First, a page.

martes, 14 de febrero de 2012

Darth Maul: You're doing it wrong. Star Wars: The Old Republic (TOR)

Star Wars: The Old Republic
Credit: EA/Bioware
Note: It's near-impossible to review an MMO, mostly because individual experience with a game can be so very, very different. To give you an idea of where I'm coming from in my review, I wanted to give you a bit of background on my characters and my play style. I played dozens of hours across multiple characters on both the Empire and Republic sides, but found myself sticking to one main character, a bounty hunter on the Empire side. I felt more comfortable with the ranged DPS play style and found myself mostly playing the game solo, though I did party together in quick groups to complete quests and Flashpoints (instances).
Star Wars: The Old Republic (TOR) is the cure to MMO fatigue. It's got a great and unique story presentation, solid action combat and deep systems that pay tribute to the DNA of successful MMOs without becoming mired in tradition.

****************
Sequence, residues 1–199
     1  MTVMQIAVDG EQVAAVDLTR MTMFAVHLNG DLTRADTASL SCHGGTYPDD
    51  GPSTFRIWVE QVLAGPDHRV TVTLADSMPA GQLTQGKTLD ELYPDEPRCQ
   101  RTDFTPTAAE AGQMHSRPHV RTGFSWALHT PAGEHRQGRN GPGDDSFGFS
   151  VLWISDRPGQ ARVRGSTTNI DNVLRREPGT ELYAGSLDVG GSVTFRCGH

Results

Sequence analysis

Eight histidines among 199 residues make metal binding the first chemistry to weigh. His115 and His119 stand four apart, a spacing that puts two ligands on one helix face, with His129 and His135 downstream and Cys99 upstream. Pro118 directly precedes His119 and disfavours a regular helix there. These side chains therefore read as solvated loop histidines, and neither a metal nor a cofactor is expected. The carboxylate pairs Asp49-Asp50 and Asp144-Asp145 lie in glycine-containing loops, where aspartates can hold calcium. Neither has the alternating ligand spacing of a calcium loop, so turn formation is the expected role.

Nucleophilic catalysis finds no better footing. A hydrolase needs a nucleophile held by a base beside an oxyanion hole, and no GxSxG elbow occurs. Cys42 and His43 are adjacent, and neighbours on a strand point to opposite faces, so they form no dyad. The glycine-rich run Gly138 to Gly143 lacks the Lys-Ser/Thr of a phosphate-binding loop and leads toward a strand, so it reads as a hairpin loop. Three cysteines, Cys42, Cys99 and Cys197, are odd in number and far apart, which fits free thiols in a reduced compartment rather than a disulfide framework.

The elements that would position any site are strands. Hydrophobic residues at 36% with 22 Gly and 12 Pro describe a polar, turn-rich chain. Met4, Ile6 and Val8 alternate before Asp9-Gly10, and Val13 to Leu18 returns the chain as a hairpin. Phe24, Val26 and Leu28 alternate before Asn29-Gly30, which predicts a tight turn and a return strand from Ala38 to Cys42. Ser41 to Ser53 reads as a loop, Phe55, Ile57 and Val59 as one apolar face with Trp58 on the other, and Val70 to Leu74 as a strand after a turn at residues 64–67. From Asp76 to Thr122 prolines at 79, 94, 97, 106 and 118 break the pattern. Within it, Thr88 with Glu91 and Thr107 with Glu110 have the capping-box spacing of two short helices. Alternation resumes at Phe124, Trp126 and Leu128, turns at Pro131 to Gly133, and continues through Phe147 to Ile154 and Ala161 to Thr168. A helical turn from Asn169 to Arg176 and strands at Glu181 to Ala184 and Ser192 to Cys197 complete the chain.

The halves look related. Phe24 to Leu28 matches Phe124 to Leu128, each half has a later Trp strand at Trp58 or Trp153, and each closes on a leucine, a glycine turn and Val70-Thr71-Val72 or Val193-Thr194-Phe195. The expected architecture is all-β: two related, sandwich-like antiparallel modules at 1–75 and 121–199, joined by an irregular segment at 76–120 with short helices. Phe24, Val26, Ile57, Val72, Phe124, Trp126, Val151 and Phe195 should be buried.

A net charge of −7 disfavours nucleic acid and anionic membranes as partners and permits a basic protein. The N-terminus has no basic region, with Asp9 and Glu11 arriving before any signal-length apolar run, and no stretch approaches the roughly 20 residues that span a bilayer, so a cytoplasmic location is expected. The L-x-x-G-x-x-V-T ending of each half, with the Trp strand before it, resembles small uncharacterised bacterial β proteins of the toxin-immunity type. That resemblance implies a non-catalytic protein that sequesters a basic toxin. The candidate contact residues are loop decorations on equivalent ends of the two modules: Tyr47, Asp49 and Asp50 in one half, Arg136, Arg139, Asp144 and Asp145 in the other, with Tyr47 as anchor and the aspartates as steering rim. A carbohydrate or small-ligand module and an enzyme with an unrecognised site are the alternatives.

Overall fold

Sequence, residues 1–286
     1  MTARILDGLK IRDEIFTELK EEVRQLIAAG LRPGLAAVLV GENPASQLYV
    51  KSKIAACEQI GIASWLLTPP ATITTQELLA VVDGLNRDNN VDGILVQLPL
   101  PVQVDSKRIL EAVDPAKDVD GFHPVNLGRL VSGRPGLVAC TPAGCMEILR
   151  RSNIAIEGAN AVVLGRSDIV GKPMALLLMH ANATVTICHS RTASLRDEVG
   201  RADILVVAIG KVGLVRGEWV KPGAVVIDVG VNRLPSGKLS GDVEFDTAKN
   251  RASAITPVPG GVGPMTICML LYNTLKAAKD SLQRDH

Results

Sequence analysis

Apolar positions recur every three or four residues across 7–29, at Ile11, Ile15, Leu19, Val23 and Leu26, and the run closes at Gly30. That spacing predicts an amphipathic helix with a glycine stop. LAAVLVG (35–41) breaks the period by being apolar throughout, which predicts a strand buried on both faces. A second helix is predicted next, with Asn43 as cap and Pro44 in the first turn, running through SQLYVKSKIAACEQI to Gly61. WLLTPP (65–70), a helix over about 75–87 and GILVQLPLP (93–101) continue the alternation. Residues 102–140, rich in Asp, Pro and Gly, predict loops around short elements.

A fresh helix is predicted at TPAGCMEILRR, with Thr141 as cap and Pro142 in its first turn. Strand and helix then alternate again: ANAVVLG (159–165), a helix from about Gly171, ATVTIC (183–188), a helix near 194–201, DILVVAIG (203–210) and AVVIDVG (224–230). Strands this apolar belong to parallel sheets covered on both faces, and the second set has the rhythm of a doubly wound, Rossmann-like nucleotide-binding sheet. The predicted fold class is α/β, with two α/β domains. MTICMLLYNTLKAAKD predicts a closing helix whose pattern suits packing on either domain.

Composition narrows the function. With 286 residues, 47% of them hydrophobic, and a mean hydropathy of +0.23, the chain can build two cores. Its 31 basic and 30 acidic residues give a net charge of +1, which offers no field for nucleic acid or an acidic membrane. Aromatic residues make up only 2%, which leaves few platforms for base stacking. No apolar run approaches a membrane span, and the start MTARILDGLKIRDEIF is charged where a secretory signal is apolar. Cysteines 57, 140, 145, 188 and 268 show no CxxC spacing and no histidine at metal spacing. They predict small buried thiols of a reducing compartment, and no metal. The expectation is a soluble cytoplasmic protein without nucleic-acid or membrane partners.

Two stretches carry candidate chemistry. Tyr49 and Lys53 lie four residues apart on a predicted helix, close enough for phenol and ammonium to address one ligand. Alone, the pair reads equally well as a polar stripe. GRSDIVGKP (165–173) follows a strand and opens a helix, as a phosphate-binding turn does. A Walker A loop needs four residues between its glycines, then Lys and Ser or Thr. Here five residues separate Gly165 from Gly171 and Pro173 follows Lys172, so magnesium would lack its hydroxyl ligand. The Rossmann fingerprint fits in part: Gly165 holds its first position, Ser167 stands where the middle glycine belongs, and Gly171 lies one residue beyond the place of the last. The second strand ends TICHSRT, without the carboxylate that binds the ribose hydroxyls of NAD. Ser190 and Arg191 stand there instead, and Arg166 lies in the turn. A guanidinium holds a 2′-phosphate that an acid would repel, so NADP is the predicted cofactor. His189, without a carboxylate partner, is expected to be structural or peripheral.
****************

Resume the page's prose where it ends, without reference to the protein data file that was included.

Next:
BioWare chose to adopt a DNA close to World of Warcraft. It makes sense; you're trying to steal away players from the most successful MMO on the planet, so you're going to try to make things feel familiar and comfortable. I appreciated the key bindings and other nods to WoW because I was able to ease into the game quickly and without much pain. That said, particularly early on, it felt like I had just swapped The Horde and The Alliance for The Empire and The Alliance and that I was just doing the same things as I had done in WoW for years. That is, however, unfair. It's not true, and even though there are a lot of similarities, TORis its own game. It has its own unique properties and it adheres to familiar territory to make you feel at ease before it veers off into new territory. 

Darth Maul: You're doing it wrong.
BioWare has improved over the quest structure solidified by Blizzard. Instead of going to kill ten enemies, returning to turn the mission in and get a new mission to return to the same area to kill a boss, TOR gives you the mission to kill the boss and provides optional missions where you kill random enemies or accomplish other smaller tasks along the way. It might seem like a small or insignificant change, but it speeds up the game and makes you feel like you're doing more and important things than basic errands. It would be nice to get a bit more variety in future patches - quests are typically of the kill and collect variety and it can wear thin at moments.